[This is the second in a series of posts about somewhat unconventional advice for becoming a better angler. It’s not tips, tricks or tactics, as such, but suggestions for becoming an overall better angler that you might not otherwise think of.]
A few years ago, not long after I moved to British Columbia, I took up fly fishing. The decision to make the switch wasn’t really one that I took lightly, nor was it something that I particularly wanted to do. I did, as I’ve talked about in the past, because I wasn’t really catching any fish and I was looking to change that.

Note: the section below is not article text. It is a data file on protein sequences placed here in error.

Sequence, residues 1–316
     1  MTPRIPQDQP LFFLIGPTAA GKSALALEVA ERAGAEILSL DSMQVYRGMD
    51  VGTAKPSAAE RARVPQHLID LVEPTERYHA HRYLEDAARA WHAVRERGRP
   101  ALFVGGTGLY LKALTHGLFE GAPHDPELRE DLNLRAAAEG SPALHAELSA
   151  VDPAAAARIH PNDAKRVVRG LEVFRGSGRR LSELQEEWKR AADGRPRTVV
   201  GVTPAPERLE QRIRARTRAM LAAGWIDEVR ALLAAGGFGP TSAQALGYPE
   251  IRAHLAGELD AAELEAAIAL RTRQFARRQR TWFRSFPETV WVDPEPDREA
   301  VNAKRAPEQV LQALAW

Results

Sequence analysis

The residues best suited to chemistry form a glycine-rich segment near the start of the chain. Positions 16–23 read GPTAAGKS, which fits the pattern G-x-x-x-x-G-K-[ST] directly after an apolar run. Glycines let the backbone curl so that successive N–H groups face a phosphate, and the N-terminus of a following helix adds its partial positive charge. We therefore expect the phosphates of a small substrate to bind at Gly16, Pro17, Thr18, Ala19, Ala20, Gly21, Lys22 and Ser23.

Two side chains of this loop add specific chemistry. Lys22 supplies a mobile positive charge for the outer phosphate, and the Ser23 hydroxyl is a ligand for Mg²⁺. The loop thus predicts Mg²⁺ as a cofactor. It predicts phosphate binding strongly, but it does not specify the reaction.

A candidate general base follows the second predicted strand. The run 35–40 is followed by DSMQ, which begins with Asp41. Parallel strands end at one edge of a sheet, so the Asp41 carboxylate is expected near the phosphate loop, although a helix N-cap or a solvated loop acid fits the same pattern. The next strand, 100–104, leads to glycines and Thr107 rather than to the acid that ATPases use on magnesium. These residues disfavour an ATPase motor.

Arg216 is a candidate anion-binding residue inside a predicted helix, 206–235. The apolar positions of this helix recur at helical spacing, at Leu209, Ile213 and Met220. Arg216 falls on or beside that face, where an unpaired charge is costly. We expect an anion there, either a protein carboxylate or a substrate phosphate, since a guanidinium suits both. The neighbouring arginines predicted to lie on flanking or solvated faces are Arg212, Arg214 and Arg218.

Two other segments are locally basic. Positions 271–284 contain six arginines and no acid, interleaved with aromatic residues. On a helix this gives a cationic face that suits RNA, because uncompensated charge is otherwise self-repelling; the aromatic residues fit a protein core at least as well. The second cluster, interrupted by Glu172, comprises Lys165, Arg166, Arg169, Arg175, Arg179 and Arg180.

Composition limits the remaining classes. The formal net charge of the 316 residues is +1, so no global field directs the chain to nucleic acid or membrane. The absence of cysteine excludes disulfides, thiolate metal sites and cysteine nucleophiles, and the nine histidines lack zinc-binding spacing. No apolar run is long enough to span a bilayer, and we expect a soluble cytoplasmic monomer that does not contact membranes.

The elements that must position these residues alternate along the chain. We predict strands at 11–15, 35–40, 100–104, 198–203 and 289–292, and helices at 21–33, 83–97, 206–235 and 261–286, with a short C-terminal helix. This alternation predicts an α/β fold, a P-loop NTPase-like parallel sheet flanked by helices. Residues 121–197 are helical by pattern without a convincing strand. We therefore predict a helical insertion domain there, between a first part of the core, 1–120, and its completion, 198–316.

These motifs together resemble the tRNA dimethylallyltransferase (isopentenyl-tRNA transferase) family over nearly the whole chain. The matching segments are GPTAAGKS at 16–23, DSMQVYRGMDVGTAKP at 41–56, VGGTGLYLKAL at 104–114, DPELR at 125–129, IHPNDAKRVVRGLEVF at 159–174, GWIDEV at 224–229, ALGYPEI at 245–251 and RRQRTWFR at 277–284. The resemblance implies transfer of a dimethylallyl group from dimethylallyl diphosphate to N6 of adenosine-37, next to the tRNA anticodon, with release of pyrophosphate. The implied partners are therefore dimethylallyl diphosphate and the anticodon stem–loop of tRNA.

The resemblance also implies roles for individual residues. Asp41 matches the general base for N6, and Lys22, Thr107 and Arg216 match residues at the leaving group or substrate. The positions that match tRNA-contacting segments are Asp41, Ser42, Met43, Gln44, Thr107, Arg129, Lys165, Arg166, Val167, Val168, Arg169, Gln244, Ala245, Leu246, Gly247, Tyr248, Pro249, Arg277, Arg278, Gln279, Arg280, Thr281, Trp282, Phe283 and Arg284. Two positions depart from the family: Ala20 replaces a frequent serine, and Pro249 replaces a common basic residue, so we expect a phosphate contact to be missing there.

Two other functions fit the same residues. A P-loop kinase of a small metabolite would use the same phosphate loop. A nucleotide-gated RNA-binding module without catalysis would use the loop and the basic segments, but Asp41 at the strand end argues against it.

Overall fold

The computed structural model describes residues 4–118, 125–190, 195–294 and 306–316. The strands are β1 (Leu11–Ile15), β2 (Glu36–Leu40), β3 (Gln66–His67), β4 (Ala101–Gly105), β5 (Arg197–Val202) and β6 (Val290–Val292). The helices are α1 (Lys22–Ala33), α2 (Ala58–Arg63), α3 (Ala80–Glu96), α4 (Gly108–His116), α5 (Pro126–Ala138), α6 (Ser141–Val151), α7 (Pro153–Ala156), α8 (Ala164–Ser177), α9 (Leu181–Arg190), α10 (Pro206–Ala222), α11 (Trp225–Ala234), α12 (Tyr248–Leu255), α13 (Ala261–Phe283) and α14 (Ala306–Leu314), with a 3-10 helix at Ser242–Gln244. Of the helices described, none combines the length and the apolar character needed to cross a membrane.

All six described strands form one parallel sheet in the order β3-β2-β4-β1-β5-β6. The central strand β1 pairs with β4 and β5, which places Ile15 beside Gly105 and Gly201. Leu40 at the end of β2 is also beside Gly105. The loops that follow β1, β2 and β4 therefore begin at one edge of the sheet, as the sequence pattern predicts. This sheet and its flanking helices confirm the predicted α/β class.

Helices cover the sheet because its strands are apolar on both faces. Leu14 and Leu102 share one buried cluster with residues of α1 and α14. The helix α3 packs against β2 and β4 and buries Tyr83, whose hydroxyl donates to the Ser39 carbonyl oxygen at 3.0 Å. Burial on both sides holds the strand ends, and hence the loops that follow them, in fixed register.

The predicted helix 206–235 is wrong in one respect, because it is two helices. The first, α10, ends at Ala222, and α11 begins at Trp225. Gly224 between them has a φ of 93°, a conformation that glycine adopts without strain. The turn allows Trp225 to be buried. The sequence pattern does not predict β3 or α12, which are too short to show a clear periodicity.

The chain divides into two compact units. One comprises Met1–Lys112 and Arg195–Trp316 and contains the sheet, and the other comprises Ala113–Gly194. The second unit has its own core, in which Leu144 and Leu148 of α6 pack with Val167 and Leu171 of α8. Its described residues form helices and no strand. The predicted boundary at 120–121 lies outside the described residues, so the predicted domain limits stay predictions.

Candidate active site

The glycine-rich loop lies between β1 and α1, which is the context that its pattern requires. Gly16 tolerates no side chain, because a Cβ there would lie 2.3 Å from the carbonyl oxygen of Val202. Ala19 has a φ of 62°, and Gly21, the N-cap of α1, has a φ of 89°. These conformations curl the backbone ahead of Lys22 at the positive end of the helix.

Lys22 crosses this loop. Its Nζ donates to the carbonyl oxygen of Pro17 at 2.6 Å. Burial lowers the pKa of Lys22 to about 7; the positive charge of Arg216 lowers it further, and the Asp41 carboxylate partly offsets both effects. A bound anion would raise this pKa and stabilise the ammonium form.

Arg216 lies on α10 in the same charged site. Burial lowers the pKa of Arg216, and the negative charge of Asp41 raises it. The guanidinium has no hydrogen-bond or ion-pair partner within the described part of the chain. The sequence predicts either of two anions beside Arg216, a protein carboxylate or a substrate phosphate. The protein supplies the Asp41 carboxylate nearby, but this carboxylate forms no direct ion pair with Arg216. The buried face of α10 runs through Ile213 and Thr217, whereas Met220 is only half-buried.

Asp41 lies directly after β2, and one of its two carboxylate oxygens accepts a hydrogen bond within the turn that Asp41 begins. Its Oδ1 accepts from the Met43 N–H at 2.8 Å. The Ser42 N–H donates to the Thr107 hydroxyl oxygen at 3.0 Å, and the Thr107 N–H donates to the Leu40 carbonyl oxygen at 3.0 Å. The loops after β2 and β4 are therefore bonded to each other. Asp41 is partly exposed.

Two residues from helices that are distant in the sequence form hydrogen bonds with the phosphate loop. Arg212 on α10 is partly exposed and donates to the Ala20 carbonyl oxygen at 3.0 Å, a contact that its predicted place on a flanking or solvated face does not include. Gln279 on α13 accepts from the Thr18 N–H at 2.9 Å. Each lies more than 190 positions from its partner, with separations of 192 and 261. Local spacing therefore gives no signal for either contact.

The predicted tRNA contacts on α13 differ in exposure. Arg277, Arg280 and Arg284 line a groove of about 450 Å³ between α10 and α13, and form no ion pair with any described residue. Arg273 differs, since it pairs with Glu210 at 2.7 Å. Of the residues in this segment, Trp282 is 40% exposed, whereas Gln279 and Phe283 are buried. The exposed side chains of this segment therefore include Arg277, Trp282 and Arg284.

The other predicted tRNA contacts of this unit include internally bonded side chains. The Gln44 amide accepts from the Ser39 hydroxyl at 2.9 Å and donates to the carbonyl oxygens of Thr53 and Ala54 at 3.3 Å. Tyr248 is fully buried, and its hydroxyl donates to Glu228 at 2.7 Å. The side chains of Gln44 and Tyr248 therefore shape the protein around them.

Despite all hesitance in the beginning, it turned out to be a decision that I have never regretted. Not once (okay, only in so much as it turned a simple hobby into an obsession, but that’s another issue altogether). In the time since I started fly fishing I’ve noticed something else, besides just being able to catch fish in my local waters, I’ve actually gotten better at catching fish period. This isn’t something I attribute to fly fishing itself, per se, but more to the fact that I took the time to learn something new, which I can’t remember ever having done when it comes to fishing before.